Now Reading:

Sweet success in Dublin, the experience of being an entrepreneur

business planet

Sweet success in Dublin, the experience of being an entrepreneur


Today, one in three Europeans is over 55 years old. Increasingly, they are setting up their own businesses and Ireland is leading the way with a particularly interesting project which supports entrepreneurs over 50.

Peter Cullen is 70 years old and still loves jelly beans. He and his son Richard set up their small company in 1998 producing jelly beans made with 100 percent natural flavours.

Today, his company – The Jelly Bean Factory – is the largest producer of the sweets in Europe, employing 70 people and with annual turnover of 16 million euros. They are planning to take on around 15 more people and turnover is expected to reach 20 million euros by 2016.

Peter Cullen told euronews: “We export 97 percent of what we produce to 50 countries worldwide: North America, the UK, the Far East, Middle East… even as far away as Australia.”

Cullen has now become a volunteer role model and mentor with the Senior Enterprise initiative.

He explained what they do: “We meet with our staff at least twice a year. And we share with our staff all the information which is relevant, like the financial information of the company, new markets we are working into, and the new products we are about to develop. So we involve them as a team in the running of the business.”

The Senior Enterprise project, born in Ireland and developed in the UK and France, is now officially been recognised in Brussels as best practice.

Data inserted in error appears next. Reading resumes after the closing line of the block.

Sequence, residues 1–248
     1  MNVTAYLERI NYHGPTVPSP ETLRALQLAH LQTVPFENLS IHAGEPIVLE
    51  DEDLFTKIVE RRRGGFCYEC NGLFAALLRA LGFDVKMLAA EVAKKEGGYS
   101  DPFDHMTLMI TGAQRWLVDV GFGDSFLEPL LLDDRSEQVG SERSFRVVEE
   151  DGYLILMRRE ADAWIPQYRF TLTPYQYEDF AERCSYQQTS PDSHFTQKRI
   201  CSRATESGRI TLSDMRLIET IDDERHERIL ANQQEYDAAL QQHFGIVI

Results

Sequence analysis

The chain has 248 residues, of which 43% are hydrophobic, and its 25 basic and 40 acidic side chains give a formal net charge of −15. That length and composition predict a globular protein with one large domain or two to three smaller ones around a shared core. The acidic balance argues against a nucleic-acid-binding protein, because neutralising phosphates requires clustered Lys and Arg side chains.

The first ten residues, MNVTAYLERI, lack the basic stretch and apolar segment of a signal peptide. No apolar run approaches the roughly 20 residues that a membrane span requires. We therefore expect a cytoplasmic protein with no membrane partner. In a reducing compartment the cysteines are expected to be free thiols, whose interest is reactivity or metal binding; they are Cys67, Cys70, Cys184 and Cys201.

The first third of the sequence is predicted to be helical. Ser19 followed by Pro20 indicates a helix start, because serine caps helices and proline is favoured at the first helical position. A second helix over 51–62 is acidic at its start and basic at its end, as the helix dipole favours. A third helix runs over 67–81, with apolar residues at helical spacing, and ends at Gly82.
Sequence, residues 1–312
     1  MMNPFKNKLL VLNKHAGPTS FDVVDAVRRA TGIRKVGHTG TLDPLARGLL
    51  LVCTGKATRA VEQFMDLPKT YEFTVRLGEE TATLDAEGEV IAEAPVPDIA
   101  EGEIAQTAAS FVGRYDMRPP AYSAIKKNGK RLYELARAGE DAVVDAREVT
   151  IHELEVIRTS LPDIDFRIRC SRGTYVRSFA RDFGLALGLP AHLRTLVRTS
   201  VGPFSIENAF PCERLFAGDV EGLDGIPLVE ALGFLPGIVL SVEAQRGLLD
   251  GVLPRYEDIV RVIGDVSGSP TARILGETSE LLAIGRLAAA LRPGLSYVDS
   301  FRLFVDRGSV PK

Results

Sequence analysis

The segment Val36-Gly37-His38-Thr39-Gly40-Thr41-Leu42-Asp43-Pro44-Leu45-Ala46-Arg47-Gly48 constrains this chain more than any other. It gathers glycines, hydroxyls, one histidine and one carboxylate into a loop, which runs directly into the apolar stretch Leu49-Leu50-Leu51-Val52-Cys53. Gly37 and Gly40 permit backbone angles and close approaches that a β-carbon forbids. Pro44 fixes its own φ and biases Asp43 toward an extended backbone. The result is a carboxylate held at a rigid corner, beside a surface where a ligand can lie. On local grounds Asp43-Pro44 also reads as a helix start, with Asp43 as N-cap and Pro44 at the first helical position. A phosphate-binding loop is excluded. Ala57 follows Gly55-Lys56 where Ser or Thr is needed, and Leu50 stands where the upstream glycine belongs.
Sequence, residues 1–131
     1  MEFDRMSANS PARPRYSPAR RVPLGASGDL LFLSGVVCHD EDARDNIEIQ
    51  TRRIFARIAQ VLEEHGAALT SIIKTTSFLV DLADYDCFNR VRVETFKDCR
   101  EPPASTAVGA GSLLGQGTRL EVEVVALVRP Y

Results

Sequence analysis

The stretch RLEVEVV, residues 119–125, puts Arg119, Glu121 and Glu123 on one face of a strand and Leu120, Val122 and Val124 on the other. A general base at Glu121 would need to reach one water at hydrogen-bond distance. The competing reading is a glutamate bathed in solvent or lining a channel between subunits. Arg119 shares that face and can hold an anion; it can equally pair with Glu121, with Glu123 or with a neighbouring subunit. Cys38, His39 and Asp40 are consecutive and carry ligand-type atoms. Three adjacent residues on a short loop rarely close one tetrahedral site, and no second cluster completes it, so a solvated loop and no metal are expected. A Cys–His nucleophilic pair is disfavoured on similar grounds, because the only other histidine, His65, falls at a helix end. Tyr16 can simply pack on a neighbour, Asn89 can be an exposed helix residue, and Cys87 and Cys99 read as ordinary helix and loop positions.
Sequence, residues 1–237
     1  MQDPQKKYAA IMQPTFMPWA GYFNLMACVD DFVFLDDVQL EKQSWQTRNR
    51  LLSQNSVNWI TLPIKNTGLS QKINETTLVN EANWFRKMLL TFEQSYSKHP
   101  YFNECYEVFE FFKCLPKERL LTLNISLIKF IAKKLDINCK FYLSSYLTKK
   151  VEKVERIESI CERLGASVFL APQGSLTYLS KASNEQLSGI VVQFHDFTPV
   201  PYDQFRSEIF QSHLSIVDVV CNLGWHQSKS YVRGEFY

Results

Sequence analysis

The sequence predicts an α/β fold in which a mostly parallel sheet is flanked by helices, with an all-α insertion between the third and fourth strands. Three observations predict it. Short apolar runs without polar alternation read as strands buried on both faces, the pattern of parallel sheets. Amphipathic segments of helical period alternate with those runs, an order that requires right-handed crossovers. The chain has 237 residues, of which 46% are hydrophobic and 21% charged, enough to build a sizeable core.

The project won the European Enterprise Promotion Award in 2013 in the Investing in Entrepreneurial Skills category.

John Byrne is the director of the Senior Enterprise Project and believes that over 50s have an important role to play in setting up new businesses: “Being over 50, nowadays, is a new life-style stage in which people realise that they have time, health, experience and networks to start something new in their 50s.”

With training days, and meetings with mentors like Peter, and other entrepreneurs, the Senior Enterprise project helps people develop their contacts and get all the elements in place to succeed.

The figures speak for themselves. In four years, the Senior Enterprise project has helped create over 1,000 individual businesses in Ireland, France and the UK.

Peter Cullen gave us his thoughts on the keys to success: “Having a strong belief in the project, having a good financial background, and having excellent people within the company to work with.”

Every story can be told in many ways: see the perspectives from Euronews journalists in our other language teams.

Next Article